In Greek Mythology, Nemesis is the goddess of divine retribution against those who violate sacred law or show arrogance before the gods. She is also sometimes called by the name Adrasteia, which means “one from whom there is no escape.”
In her role as the punisher of hubris, it is Nemesis who lures the vain Narcissus to the pool in which he sees his own reflection for the first time and falls in love it. Refusing to part with the beautiful image before him, Narcissus eventually dies of hunger. In some stories, Nemesis is indicated as being the daughter of Oceanus or Zeus. According to the poet Hesiod, however, she is the offspring of Nyx, the goddess of night, and sister to the Fates and the Keres.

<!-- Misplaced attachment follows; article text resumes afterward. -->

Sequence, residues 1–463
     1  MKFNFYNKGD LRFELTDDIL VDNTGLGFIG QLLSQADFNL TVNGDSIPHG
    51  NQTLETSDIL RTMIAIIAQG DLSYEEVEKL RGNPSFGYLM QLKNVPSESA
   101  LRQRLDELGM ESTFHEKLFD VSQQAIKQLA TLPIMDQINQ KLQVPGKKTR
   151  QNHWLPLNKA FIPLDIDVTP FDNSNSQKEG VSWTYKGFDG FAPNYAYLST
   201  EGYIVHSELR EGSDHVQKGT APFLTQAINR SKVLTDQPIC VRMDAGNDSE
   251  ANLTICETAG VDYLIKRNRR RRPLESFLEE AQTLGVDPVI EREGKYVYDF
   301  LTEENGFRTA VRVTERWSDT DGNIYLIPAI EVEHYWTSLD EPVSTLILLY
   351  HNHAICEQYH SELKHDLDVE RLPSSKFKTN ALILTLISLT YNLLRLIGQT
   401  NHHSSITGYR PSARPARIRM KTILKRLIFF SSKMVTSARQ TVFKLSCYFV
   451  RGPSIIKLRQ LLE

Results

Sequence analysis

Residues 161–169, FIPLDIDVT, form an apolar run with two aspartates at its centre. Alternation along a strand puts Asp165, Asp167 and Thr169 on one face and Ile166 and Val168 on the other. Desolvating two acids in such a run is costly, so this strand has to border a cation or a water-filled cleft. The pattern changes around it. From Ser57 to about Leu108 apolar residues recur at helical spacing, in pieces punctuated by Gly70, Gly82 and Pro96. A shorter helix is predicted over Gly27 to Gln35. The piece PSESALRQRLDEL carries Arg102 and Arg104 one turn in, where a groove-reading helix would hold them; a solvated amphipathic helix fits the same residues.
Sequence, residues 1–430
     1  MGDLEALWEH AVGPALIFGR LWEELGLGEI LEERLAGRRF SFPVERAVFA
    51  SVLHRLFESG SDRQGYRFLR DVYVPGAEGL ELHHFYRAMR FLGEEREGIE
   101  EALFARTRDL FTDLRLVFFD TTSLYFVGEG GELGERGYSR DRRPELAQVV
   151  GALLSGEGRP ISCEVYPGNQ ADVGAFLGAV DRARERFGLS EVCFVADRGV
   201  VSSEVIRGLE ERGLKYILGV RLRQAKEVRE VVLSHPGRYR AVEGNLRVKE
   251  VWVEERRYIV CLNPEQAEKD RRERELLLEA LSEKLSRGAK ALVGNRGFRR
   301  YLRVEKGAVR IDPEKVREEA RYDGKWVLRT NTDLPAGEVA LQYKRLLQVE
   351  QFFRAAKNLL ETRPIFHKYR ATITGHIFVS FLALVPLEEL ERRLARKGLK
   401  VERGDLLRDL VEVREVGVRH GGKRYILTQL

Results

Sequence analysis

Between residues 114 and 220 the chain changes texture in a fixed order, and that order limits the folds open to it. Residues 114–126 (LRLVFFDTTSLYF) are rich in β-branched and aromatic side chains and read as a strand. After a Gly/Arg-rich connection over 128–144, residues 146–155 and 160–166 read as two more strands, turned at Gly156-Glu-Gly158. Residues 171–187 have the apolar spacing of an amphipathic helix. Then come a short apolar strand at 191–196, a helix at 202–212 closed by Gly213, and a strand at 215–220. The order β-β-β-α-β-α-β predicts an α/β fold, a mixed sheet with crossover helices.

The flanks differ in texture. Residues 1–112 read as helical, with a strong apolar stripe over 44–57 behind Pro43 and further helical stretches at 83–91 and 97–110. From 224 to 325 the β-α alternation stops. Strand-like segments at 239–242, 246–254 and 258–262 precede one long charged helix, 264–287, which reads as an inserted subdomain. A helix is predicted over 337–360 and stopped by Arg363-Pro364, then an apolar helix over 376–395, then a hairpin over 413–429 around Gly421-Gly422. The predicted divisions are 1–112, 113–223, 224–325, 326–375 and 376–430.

In art, Nemesis is often depicted as a beautiful woman holding a measuring rod, a bridle, a sword or a scourge, and riding in a chariot drawn by griffins. Nemesis was worshipped throughout Greece, particularly during the Athenian festival of Nemeseia, a celebration intended to stave off the retribution of the dead. The cult of Nemesis also spread to Rome, where she was honored by victorious generals, as well as gladiators who fought in the arena